“I Will Be Obedient,” Says New General Young Men Leader
Contributed By Sarah Jane Weaver, Church News associate editor
- Brother Brough was serving as a mission president in Guatemala when both his father and Sister Brough’s father passed away.
- He had to give up his two coonhounds that he loved when he was called as mission president.
- He wants the Church members to know that he is grateful for his companion and that he will always be obedient.
“I will be obedient to my Church leaders and do exactly what they ask and go wherever they ask.” —M. Joseph Brough, second counselor in the Young Men general presidency
During the three years M. Joseph Brough served as president of the Guatemala Guatemala City Central Mission, from 2011 to 2014, he lost his father and his father-in-law.
Although his wife, Sister Emily Jane Brough, could have returned to the United States for the funerals, the couple decided in both cases that she should stay in Guatemala and continue with their missionary work. “We knew we were better off staying and working as well as we could,” said Brother Brough, sustained April 4 as second counselor in the Young Men general presidency. “That was exactly what her father and my father would expect of us.”
Brother Brough was born in Salt Lake City, Utah, on December 11, 1963, the first of Monte J. and Ada Lanette Brough’s seven children. He spent his youth in Farmington, Utah, and Robertson, Wyoming, where his father became his greatest mentor as they hiked, hunted, and fished.
His mother and father taught him the importance of keeping the commandments like the Sabbath day. His father made it clear that though those activities were important, they had no place on the Lord’s day.
The family moved to Minnesota when Joseph’s father, who would later serve as a member of the Seventy, was called as a mission president. Joseph had coonhounds and loved those dogs. Soon after knowing of the mission call, he wondered what to do with his dogs. When he talked to his father about the problem, his father said, “They would not do well in a big city; you will need to figure that out with Heavenly Father.” After prayer and reading the Book of Mormon, Joseph knew his Father in Heaven required him to not be a burden to his parents and leave the dogs behind. He contacted a man who had dogs and found a good home for his hounds. He still remembers the broken heart he felt as the man drove away with his dear friends.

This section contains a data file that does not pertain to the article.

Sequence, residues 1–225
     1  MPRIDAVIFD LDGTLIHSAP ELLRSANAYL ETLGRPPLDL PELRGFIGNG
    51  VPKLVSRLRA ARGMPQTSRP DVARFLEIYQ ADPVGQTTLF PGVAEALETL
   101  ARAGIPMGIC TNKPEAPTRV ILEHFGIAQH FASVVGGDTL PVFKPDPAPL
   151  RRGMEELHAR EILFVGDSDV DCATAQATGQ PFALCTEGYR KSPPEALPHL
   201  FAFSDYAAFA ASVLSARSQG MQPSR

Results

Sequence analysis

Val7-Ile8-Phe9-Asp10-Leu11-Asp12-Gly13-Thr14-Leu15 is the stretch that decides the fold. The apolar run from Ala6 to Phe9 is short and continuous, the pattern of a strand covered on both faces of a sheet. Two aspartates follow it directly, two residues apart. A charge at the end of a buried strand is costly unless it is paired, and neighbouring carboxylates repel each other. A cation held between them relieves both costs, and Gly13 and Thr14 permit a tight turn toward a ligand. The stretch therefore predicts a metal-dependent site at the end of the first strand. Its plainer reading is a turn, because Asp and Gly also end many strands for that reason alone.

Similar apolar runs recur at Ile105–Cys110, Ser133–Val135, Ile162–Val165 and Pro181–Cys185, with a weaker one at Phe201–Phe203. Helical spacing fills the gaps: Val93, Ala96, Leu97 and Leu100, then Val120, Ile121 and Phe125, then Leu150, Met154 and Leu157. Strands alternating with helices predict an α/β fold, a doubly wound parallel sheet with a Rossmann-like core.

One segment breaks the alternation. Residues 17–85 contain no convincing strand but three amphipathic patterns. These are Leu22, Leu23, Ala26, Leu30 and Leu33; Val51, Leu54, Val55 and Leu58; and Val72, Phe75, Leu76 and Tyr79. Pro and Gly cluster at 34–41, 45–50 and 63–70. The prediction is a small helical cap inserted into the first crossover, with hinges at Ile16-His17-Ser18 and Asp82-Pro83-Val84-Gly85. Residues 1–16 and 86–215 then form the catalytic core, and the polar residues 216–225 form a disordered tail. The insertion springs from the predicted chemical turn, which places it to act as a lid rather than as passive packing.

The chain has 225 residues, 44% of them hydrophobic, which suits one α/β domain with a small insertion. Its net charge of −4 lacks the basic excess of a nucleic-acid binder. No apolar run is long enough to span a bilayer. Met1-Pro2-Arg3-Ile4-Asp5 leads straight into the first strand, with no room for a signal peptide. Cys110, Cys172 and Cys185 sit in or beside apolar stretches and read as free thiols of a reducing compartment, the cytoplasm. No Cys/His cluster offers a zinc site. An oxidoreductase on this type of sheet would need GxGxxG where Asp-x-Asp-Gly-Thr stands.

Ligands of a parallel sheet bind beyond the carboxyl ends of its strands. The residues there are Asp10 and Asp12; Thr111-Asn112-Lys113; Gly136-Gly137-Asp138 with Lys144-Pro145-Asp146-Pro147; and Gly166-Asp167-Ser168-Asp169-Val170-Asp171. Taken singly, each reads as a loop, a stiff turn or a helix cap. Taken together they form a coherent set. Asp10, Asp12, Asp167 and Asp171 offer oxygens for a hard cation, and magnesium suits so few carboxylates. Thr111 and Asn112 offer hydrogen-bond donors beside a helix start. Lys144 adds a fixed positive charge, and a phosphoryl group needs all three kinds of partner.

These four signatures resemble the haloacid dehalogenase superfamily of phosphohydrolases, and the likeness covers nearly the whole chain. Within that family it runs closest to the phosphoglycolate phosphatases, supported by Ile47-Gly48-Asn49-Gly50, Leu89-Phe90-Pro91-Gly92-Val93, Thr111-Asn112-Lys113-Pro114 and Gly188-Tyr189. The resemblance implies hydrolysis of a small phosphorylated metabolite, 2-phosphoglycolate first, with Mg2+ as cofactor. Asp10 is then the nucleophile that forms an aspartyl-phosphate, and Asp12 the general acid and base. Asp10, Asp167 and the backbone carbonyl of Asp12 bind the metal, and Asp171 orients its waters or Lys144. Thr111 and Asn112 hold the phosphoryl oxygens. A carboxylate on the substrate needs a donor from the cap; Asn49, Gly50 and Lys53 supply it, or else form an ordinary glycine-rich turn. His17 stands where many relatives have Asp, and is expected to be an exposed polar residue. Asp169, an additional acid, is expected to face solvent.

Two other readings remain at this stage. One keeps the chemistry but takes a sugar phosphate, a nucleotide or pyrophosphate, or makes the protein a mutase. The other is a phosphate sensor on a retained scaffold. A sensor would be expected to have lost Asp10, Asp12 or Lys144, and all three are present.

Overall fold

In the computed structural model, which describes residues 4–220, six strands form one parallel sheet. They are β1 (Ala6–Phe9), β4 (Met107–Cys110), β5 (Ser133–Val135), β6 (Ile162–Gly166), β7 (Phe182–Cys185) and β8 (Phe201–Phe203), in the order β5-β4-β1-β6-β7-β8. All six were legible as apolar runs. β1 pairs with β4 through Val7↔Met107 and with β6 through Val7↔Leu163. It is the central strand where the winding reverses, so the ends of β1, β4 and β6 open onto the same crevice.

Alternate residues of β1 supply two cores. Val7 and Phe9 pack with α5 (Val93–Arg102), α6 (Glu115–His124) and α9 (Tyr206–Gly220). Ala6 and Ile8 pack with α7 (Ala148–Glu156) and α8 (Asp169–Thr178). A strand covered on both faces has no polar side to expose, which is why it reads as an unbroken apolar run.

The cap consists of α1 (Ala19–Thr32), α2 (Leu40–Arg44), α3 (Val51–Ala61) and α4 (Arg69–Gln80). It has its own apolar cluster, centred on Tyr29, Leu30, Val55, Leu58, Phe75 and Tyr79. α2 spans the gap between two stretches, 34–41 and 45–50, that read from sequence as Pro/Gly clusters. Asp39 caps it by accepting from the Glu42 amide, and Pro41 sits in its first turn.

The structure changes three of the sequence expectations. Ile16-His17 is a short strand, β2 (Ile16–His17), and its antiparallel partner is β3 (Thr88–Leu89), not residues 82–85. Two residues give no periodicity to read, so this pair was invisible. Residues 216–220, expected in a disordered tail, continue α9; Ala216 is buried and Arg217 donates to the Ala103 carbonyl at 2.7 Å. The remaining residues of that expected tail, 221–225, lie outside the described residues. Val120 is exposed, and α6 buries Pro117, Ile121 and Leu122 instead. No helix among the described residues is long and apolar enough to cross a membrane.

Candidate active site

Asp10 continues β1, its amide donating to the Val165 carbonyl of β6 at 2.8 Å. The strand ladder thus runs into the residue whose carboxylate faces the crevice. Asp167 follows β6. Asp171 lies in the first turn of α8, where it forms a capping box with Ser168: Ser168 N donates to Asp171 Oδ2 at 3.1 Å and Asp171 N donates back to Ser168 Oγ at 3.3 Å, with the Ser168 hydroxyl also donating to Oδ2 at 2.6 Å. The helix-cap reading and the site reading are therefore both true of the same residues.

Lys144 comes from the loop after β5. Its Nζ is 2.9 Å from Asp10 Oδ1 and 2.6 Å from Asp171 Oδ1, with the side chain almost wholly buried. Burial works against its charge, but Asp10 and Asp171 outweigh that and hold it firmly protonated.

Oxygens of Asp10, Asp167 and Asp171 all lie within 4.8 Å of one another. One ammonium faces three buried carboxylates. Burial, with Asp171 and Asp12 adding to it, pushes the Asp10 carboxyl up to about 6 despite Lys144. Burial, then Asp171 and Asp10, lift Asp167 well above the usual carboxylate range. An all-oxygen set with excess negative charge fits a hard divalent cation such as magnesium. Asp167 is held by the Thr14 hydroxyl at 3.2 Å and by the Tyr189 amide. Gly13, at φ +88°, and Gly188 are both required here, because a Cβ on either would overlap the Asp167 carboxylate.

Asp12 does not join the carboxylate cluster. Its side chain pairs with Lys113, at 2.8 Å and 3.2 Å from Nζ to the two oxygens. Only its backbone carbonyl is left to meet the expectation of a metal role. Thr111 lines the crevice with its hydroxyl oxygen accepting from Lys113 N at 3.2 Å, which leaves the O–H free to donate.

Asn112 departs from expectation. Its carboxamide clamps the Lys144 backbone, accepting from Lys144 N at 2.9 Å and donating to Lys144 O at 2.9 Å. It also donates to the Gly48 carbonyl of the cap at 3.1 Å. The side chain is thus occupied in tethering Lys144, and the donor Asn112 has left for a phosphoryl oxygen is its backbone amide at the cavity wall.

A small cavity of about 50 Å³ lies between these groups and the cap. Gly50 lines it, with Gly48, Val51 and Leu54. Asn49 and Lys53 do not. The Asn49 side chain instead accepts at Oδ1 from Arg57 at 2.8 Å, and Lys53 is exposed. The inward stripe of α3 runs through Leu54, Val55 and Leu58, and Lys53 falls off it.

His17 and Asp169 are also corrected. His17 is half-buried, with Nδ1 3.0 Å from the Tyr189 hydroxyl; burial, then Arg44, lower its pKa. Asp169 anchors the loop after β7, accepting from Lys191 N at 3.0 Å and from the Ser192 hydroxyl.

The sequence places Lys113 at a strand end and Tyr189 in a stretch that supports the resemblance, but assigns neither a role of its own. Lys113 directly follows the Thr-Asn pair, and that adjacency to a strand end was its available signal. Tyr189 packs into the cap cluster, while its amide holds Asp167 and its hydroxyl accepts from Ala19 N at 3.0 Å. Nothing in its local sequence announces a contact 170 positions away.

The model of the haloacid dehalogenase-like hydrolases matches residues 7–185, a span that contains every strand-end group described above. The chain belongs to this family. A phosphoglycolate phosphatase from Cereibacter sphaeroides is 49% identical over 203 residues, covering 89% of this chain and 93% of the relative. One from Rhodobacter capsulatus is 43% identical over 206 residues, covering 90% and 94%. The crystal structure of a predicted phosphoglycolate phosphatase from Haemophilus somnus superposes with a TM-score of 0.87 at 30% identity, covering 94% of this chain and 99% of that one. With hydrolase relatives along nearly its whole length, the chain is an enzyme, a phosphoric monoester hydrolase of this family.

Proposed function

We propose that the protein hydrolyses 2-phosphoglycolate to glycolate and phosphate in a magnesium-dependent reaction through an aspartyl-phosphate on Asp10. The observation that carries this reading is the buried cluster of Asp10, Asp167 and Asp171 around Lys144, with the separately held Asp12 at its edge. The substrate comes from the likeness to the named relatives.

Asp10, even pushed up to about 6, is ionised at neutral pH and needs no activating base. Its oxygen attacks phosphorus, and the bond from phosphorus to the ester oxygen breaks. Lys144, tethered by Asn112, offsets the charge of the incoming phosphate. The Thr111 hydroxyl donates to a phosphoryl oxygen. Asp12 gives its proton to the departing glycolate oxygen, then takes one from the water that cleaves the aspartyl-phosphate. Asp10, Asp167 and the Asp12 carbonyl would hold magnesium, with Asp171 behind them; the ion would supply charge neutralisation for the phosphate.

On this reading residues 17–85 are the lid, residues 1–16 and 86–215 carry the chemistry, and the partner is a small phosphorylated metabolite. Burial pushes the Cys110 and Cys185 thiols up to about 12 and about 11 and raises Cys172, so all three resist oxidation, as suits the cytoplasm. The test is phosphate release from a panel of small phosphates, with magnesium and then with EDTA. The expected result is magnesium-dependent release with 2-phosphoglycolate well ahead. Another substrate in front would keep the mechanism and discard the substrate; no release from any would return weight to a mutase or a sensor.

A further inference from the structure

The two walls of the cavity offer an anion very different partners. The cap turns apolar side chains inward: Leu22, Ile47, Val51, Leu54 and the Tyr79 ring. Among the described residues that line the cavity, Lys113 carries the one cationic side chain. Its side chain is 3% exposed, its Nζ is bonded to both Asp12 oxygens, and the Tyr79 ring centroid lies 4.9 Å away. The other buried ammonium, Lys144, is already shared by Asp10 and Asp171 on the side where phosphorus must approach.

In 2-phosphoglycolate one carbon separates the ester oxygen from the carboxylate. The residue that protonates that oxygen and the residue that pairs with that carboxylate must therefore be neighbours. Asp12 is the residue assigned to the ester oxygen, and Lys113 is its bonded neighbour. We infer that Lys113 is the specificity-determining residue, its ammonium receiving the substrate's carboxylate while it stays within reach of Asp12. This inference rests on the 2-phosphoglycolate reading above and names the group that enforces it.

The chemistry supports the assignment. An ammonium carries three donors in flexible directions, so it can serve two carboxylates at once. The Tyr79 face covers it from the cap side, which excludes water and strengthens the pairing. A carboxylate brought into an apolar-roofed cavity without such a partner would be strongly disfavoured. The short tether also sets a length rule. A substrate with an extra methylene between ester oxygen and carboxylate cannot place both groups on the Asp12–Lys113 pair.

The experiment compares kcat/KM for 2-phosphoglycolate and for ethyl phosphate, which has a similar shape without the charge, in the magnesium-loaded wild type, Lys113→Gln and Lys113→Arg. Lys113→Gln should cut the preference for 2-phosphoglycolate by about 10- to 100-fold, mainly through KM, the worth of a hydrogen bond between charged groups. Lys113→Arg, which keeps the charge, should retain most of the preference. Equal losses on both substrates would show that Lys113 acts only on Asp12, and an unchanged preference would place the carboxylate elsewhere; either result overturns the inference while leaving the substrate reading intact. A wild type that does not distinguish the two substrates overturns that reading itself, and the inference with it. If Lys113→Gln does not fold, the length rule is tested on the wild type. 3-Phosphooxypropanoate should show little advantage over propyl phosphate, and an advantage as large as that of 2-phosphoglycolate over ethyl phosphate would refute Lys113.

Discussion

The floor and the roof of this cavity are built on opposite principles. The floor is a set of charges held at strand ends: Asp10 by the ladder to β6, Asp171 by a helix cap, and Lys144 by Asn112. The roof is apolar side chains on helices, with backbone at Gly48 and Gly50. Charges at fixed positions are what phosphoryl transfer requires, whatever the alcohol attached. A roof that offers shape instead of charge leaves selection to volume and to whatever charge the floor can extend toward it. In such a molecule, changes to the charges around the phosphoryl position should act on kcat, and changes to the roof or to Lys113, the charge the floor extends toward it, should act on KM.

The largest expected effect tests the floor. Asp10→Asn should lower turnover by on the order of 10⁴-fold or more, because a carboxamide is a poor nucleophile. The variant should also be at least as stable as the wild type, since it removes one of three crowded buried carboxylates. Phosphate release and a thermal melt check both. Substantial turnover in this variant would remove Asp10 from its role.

Brother Brough wants the young people of the Church to know that he learned from that experience that Heavenly Father always blesses the obedient. “Heavenly Father recognizes every sacrifice,” he said. In time, he came to understand that exact obedience brings not only blessings, but miracles as well.
It was while attending seminary at Davis High School that he met Emily Jane Thompson. The first time he saw Emily, Brother Brough remembers saying to some of her friends: “I think that is the prettiest girl I have ever seen.” What he learned later is that she was as pretty on the inside as on the outside. Today, she is Brother Brough’s best friend, and the thought of having her at his side for eternity brings him great joy and hope. They were married on April 25, 1985, in the Salt Lake Temple; they are the parents of four children.
Before the couple married, however, Brother Brough served as a missionary in the Guatemala Quetzaltenango Mission. Originally called to serve in Mexico, he never received a visa and his call was changed to Guatemala. The change opened the way for the young Elder Brough to serve with the mission president, Jorge H. Perez, who would become a “most influential man in my life,” he said.
During the early years of his marriage, Brother Brough and his young bride lived in a basement apartment in the avenues in Salt Lake City. They were very poor, like most young couples, and enjoying the struggle. But because of family connections to the ranching industry, their diet was not typical. “We always had meat, including steaks, and [sometimes] nothing else,” he said.
After he earned a bachelor’s degree in finance and a master of business administration from the University of Utah, the family moved to Mesa, Arizona; Richmond, Virginia; and Boise, Idaho. Work ultimately took the family to Logan, Utah, where Brother Brough worked for Icon Health and Fitness and owned a 30-acre farm. The four Brough children learned many lessons on the farm, where chores included taking care of cows, sheep, horses, and pigs. “It is the best way we know how to raise kids,” said Brother Brough.
Over the years, Brother Brough served as a bishop, ward Young Men president, and high councilor. He loves working with the youth of the Church. As he starts his new calling as a counselor in the Young Men general presidency, Brother Brough wants Church members to know two things about him. First, “I am very grateful for Heavenly Father’s plan, and I have the greatest companion in the world.” Second, “I will be obedient to my Church leaders and do exactly what they ask and go wherever they ask.”
Family: Born December 11, 1963, in Salt Lake City, Utah, to Ada Lanette Barker and Monte James Brough; married Emily Jane Thompson on April 25, 1985, in the Salt Lake Temple; four children: Whittney Oleane (Logan) Smith, Olivia Rouchelle (Andrew) Dallen, Mallin Joseph (Marisa), and Ganzie Lauren; seven grandchildren.
Education: Received a bachelor of arts degree in finance and a master of business administration from the University of Utah.
Employment: Worked 18 years for Icon Health and Fitness in Logan, Utah; an owner and vice president of Rotational Molding of Utah, in Brigham City, Utah.
Church service: Former president of the Guatemala Guatemala City Central Mission from 2011 to 2014, high councilor, bishop, bishop’s counselor, ward Young Men president, and full-time missionary in the Guatemala Quetzaltenango Mission.